We did it. We finally worked up enough courage to take a big step in our house. We were scared of how it would go so we’d been putting it off.
This weekend we took the big step and transitioned Delaney to a life without her beloved binky. I’m not joking, or embellishing when I say this binky was beloved. She loves her daddy and mommy. Her sister is her favorite person in the whole world. But for the whole of her 40 months of life this rubbery thing attached to the hand of a soft yellow ducky was her greatest source of comfort. She would plop into her bed, snuggle the duck onto her chest, pop the binky into her mouth, and stroke the tags on the duck. The whole thing was a ritual and that ritual soothed her when she was tired or emotional, feeling sick or sad. Dinky Duck the Binky Duck was her first friend. Honestly, her best friend.
We’d been able to limit her binky use to bed only, naps and night-time for quite a while now. At nearly three and a half though Luke and I knew it was time for her to move past using a binky and for us to move past relying on this pink thing too. On Sunday we spoke with her about how proud we are of her for becoming such a big girl. We shared with her that because of becoming a big girl she would get to go on a very special and exciting shopping trip to a local toy store and use her binky to buy a special big girl toy. We explained that she would still have her Dinky Duck to cuddle with at night. Dinky wasn’t going anywhere. At first she was thrilled. She thanked us over and over.
“Thank you for taking me to buy a special toy, Daddy!”
“Mommy, thank you!”
She was just killing us with her sweetness.
Then we got in the car. As we pulled out of the driveway she said she was excited to bring her binky with her on special this shopping trip. Luke and I looked at each other and knew she didn’t quite understand what was going on. Luke looked back at her and said “Delaney, you’re going to trade binky to get a big girl toy.” This seemed to sink in. The look on her face. I will never forget the look on her face. She got quiet and stared down at the binky in her hands. A few moments later we heard a small sad voice from the back seat. Delaney doesn’t really have a small voice and rarely is it anything but happy or silly but in this moment it was small and sad. “Daddy, I’m gonna miss it.”
And at that moment I nearly pulled the plug on the whole thing. Luke and I looked at each other and I could tell he was thinking the same thing. What’s the big deal with a binky? She’s not even three and a half yet. Why not just let her have this binky until she goes off to college? What’s the harm, let’s just go get some ice cream and forget about this silly plan instead?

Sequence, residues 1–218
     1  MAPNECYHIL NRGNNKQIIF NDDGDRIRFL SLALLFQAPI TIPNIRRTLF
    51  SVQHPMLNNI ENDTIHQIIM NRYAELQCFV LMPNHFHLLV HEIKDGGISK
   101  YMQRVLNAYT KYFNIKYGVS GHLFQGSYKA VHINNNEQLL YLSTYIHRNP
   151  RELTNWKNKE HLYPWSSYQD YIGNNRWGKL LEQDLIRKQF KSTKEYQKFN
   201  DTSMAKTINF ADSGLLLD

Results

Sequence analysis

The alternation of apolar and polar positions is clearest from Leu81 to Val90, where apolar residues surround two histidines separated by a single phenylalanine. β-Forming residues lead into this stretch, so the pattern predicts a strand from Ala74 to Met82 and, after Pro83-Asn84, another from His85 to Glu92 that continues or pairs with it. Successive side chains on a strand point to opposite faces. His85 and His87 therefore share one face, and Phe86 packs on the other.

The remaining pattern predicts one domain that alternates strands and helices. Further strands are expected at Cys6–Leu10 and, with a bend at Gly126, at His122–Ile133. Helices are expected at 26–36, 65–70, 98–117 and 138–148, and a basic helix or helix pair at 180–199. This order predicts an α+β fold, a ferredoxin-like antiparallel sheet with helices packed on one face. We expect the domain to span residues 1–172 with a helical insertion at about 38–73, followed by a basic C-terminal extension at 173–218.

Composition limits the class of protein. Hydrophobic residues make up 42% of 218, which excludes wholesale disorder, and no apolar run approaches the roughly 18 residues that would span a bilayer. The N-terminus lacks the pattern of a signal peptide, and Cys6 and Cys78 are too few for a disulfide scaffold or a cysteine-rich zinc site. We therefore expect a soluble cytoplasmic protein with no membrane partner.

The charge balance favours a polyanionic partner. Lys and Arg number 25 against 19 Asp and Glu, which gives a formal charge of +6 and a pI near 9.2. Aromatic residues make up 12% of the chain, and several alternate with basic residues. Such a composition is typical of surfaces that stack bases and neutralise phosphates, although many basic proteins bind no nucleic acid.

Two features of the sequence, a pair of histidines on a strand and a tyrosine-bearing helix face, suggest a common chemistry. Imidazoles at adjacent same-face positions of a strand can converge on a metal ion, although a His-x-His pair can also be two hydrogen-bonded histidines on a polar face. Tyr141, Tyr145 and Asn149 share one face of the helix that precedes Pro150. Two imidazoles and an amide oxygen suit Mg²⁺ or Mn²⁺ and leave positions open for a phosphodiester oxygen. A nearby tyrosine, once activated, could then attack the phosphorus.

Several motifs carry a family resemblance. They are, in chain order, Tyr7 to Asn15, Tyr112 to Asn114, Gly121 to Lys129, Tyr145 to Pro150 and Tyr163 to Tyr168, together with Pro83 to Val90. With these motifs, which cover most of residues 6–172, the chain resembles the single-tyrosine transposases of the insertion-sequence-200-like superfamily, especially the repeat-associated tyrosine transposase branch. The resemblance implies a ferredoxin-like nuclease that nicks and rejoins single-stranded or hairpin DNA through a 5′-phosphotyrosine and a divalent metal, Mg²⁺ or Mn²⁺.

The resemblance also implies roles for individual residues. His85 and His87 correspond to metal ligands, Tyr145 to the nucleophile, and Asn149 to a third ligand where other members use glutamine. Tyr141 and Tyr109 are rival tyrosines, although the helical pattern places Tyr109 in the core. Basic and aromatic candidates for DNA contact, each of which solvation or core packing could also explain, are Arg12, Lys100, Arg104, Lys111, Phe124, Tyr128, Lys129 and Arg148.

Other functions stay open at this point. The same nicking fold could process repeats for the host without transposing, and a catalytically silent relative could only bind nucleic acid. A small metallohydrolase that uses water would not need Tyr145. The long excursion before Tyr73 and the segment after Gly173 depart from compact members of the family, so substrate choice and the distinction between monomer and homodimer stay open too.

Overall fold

Our shopping trip was nice. The toy store is a cool local shop with all sorts of fun things. Delaney picked out a lovely wooden high chair and a small plastic doll potty for her babies and headed for the register with Luke. As I snapped a quick picture of Delaney with the new toys and the binky Luke gave the lowdown to a the cashier. Delaney was going to pay for her new toys with her binky. The cashier nodded and smiled as if this was totally expected and normal. Delaney stood right up next to the counter and handed over the binky after the cashier had scanned the big girl toys, Luke secretly paid for the toys, and then we were on our way. By on our way I mean Delaney had her new toys in hand, Luke had a slightly melancholy look on his face, and I had a lump in my throat threatening to turn into tears.
She thanked us over and over for her new toys, and for taking her shopping. Basically she thanked us over and over for tricking her into handing over her single most important possession to some lady in a toy store.
Delaney loves her new toys. She spent the whole afternoon Sunday playing with them. Madeline – the wonderful big sister she is – showered Delaney with praise for being a big girl. Then came bed time. Delaney pulled on her pajamas and moved to the bed to grab her Dinky Duck and begin her bedtime ritual. She stood there with him in her hands flipping him over and over looking for the binky and then it hit her and she bust into tears – real, sad, brokenhearted tears – and we knew it had finally clicked. Now she understood the enormity of handing her binky over to that cashier. All I wanted to do was give her another round rubber soother. I felt so guilty. I knew moving on from her binky was something that needed to be done and something she would have to do anyway. Growing up happens no matter how much we all try to fight it.
Luke sat on the floor holding her tight and letting her feel her grief. I’m not sure how we got her calmed down and tucked into bed. I do know that in the end she snuggled her Dinky Duck on her chest up close to her chin and stroked its tags. The look on her face told us she was trying to be brave and strong, and that she didn’t like this sad situation one bit. After reading her a story and saying our good nights the way we always do Luke and I walked to the hallway, closed her door behind us and stood there staring at each other both feeling guilt, huge waves of guilt. We made our sweet little peanut so sad. Not just sad, but grief-stricken.
A few days out she is doing okay. Bedtime and nap time still bring on sadness, but the grief is waning bit by bit. Being a parent is hard. It’s hard because although we spend every waking moment trying to protect our child – to keep them safe, healthy, and happy – sometimes we have to be the ones to break their heart.